As Dems Refuse To Act, Ukraine Moves Against Biden, Opens Own Corruption Investigation
The Ukrainian government has opened an investigation into Democratic presidential candidate and former Vice President Joe Biden’s alleged role in orchestrating the firing of the country’s top prosecutor in March 2016.
The move came in response to a court order issued after former Ukrainian prosecutor general Viktor Shokin filed a complaint last month with the National Bureau of Investigation demanding an investigation be opened.
Shokin’s attorney, Oleksandr Teleshetsky, told The Washington Post, “They need to investigate this. They have no other alternative.”
“They are required to do this by the decision of the court. If they don’t, then they violate a whole string of procedural norms,” Teleshetsky said.
According to The Post, Ukraine’s Anti-Corruption Action Center confirmed the probe was underway. Its director explained that by going to the court, Shokin’s attorneys essentially forced the bureau of investigation to act.
Shokin reportedly charged in his complaint that Biden pressed for his firing as a bid to protect the then-vice president’s son, Hunter Biden.
“Throughout the last months of 2015 and the first months of 2016 Joseph Biden, taking advantage of his position, came several times on official visits to Ukraine in order to negotiate with the leaders of the country my eviction and, consequently, the closing of the objective investigation into the offenses committed by persons associated with the company ‘Burisma Holding Limited’ (Cyprus), including the son of the aforementioned US official,” Shokin’s complaint reads.
Hunter was believed to be making at least $50,000 a month and possibly upward of $83,000 a month to serve on the board of the Ukrainian natural gas firm Burisma at the same time his father was the Obama administration’s point man for U.S. foreign policy regarding Ukraine.
At a Council on Foreign Relations event in January 2018, Biden bragged about an official visit he took to Ukraine in December 2015 during which he demanded then-President Petro Poroshenko fire Shokin or not receive $1 billion in U.S. loan guarantees.
“I said, ‘You’re not getting the billion. I’m going to be leaving here in,’ I think it was, ‘about six hours.’ I looked at them and said, ‘I’m leaving in six hours. If the prosecutor is not fired, you’re not getting the money,’” Biden recalled telling Poroshenko.
“Well, son of a b—-, he got fired. And they put in place someone who was solid at the time,” the former vice president recounted.
The Los Angeles Times reported that Biden did not accurately portray the timetable of Shokin’s firing, finding the vice president made his demand during a visit to Kyiv in December 2015.
However, the report said, “In the eight days before Shokin was fired in March 2016, Biden phoned Poroshenko four times to reiterate the U.S. position, former aides said. The Ukrainian leader finally relented, and Shokin was sacked.”
President Donald Trump’s mention on his July 25, 2019, phone call with Ukrainian President Volodymyr Zelensky of Biden’s Council of Foreign Relations boast and his request to look into the matter is what the “whistleblower” and congressional Democrats pointed to as an abuse of power by Trump leading to his impeachment.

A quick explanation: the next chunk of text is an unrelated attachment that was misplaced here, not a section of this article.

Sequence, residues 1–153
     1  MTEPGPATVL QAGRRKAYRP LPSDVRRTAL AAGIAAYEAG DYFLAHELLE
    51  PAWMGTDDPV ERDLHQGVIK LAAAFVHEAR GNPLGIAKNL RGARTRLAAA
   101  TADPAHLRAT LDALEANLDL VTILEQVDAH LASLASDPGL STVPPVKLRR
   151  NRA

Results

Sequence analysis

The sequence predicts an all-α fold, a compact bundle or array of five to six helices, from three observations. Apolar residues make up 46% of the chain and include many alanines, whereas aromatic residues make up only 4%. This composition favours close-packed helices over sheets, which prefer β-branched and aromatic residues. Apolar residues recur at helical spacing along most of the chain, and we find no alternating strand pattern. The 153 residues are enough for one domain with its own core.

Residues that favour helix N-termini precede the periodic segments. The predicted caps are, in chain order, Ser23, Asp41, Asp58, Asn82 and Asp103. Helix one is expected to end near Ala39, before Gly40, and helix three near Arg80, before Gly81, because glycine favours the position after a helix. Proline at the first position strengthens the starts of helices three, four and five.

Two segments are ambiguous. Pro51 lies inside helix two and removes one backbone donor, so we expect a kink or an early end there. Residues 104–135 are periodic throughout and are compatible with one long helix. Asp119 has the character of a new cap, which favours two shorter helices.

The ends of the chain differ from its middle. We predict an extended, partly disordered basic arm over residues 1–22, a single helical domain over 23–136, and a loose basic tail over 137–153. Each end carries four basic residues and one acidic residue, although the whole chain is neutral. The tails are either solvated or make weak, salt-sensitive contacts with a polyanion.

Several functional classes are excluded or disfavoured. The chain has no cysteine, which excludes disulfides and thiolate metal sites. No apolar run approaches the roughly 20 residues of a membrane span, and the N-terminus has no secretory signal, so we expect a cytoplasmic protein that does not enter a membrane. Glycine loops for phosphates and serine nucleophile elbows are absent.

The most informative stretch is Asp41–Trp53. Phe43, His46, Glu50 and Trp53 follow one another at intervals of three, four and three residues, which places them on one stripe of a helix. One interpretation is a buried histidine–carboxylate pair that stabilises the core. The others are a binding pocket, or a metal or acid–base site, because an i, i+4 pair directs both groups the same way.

The original media reports were that Trump made a quid pro quo demand of Zelensky: Investigate Joe and Hunter Biden or forgo $391 million in U.S. military aid.
Then Trump released the transcript undercutting this narrative.
The president said during his call with Zelensky, “[T]here’s a lot of talk about Biden’s son, that Biden stopped the prosecution and a lot of people want to find out about that so whatever you can do with the attorney general would be great.
“Biden went around bragging that he stopped the prosecution so if you can look into it. … It sounds horrible to me.”
No quid pro quo demand was made.
The proof is in the pudding that Ukraine never launched or announced it would launch an investigation into the Bidens and the aid was released in mid-September 2019.
Investigative journalist John Solomon said on Fox News in October that some media outlets wrongly reported that Shokin had closed his investigation into Burisma when Biden called for his ouster.
“Not true,” Solomon told Fox News host Sean Hannity. “I have the prosecutorial file. It was active.”
“I have the emails of the Burisma [legal] team negotiating with the prosecutor the very day that Shokin was fired,” he said.
The reporter added that Shokin offered sworn testimony that he was told he was fired because Joe Biden was not happy the prosecutor had not dropped the Burisma case.
In a piece for The Hill, Solomon wrote, “In a newly sworn affidavit prepared for a European court, Shokin testified that when he was fired in March 2016, he was told the reason was that Biden was unhappy about the Burisma investigation.”
“The truth is that I was forced out because I was leading a wide-ranging corruption probe into Burisma Holdings, a natural gas firm active in Ukraine and Joe Biden’s son, Hunter Biden, was a member of the Board of Directors,” Shokin testified.
Democrat lawmakers are quick to believe almost any conspiracy floated about Trump, and they even tried to remove him from office for one.
How about, for a change of pace, investigating a matter that actually has the appearance of wrongdoing on its face by someone who is now seeking the highest office in the land?
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